What Parks and Recreation writer Katie Dippold did next...
The Heat writer on why she is so keen to work with Sandra Bullock again, dealing with reviews, and the potential for a movie sequel...
Is it nerve-racking to have a major film like this out?
We were filming at this time last year. Ever since the script sold, it’s been constant work mode. And now that it’s wrapped, I’m so nervous about it coming out.
The week up until it came out I was grinding my teeth in my sleep. My jaw hurt. I was so scared. I was scared of it being a huge bomb. I didn’t know what to say about it. If you can imagine the worst case scenario, that’s what was going through my head. I imagined that there’s only one film canister that gets destroyed before it gets to the theatre. Since it’s come out and made it to different movie theatres, it’s been really fun.
Can you elaborate on the style of humor you used with the two female leads?
In terms of the gentleness, I hear what you’re saying. But I don’t know. Bridesmaids I really loved and I feel that because it starred women and was written by a woman, it gives you a different experience. Their life experiences are just different from a man. Funny is funny. But in the opening scene when Kristen Wiig put on makeup but pretended she had just woken up all made up, I totally did that in college once. So I just had never seen that in a comedy, so it was refreshing to see something different.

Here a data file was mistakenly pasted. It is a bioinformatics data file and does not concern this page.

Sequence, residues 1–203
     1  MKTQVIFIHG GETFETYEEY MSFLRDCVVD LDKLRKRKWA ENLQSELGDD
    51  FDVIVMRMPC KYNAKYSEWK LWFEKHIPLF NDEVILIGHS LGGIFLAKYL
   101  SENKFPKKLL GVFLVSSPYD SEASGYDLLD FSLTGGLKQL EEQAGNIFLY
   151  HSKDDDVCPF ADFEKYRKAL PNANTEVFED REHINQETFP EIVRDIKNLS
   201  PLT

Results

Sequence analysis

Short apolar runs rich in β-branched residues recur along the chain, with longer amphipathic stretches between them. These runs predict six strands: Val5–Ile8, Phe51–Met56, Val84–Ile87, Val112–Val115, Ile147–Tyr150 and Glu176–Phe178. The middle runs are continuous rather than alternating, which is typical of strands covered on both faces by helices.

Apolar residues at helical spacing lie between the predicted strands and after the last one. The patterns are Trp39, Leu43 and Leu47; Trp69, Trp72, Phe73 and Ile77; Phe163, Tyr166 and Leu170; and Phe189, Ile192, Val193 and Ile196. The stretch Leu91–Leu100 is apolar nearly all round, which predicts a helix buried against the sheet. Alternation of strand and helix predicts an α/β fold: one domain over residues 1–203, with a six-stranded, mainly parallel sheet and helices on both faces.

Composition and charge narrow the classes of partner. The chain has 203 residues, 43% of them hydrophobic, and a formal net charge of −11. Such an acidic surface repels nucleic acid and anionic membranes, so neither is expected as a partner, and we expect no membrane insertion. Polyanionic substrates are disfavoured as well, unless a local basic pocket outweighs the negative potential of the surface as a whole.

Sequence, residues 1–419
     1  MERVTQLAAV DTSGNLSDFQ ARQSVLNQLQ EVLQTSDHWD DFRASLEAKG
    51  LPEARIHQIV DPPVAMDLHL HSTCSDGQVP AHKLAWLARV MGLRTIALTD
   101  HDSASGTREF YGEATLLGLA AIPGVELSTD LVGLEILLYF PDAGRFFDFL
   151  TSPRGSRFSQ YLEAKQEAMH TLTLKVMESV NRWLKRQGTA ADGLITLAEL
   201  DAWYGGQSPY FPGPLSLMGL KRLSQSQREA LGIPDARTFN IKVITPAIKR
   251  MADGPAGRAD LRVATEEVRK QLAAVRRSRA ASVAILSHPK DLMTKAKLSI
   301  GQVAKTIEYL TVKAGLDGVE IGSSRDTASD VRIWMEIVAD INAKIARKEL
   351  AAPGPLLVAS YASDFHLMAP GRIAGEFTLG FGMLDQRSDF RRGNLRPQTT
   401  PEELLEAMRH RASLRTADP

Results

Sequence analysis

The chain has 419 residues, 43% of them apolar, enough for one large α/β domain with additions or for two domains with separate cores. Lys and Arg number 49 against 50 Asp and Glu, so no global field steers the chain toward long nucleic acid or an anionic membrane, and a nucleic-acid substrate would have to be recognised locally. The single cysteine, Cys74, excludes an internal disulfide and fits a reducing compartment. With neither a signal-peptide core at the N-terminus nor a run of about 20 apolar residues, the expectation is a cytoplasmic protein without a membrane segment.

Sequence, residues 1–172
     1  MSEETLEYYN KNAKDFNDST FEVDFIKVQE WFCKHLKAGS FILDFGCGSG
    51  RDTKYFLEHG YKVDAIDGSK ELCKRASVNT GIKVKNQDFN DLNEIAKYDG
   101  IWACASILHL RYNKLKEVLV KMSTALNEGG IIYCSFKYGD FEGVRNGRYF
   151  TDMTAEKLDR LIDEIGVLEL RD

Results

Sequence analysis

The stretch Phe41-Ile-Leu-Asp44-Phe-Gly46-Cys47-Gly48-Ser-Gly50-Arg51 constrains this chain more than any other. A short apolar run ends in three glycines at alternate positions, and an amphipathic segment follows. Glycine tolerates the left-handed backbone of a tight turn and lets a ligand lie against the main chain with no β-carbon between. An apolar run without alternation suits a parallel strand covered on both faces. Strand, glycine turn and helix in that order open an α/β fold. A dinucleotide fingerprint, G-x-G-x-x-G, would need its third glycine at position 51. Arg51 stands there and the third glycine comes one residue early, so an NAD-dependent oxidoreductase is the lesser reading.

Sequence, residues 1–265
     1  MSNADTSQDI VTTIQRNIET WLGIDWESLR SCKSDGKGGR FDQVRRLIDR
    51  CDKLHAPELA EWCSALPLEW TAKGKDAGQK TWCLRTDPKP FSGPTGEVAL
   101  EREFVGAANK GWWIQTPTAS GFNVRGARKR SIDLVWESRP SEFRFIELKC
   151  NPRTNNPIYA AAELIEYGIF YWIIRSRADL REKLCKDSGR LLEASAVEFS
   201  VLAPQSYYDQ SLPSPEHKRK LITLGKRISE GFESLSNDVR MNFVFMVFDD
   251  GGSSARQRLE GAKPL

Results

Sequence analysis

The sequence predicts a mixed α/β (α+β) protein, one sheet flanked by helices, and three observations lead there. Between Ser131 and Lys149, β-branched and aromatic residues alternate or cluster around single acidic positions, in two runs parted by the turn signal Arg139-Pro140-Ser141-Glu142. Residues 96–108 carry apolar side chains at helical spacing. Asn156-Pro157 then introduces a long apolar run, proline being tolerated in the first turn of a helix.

What kinds of comedies do you watch? Any British comedy?
Probably my favourite comedy of all time is Tootsie. Shaun of the Dead would also be in my top five. Shaun of the Dead and Hot Fuzz were inspiring to me and I feel they did an amazing job of having fun with a new genre but not parodying it. The film still feels real and grounded, but they had fun with it.
What are you working on at the moment?
I’m actually working on the sequel right now.
Will Sandra Bullock and Melissa McCarthy return?
I hope so. I’m writing it hoping so. They just hired me to write the draft, so that’ll be the next step. I’m hoping very much that will happen.
Do the actors want to do it?
I have no idea what their contract is like. I really don’t know.
Have you spoken to them about it?
I haven’t talked to them about the sequel. But I’ve seen both since wrapping filming and they seem excited about it.
Are you doing anymore sitcom stuff like Parks and Recreation?
I had to take a leave from Parks to work on the movie because I had to go to Boston to film for three months. So that was Parks last season. This season I was hired to write the sequel and to write another movie I pitched. So I have to take the next couple of months to work on those.
More like this
Is Paul on board theoretically for The Heat sequel?
Yes, for the second one. The other is a mother-daughter comedy that he’s going to direct.
Have you got anyone in mind to play the parts of the mother and daughter ?
Like I did for The Heat, I’m trying not to get my heart set on anyone in particular. There are people that will pop in my mind because they’re amazing, but I try not to do that.
How do you write?
I’ve just been writing from home. I’ll wake up and have the TV on mute on something like Law and Order in the background, nothing too distracting. And then I’ll just write all day. I’ve been working from home and I’m not used to it. I’m used to going into the Parks and Rec office. I think I need to find another location or I’ll go crazy.
Do you think the world is working its way up to women’s humor? Like Girls and Parks and Rec, are people warming up to it?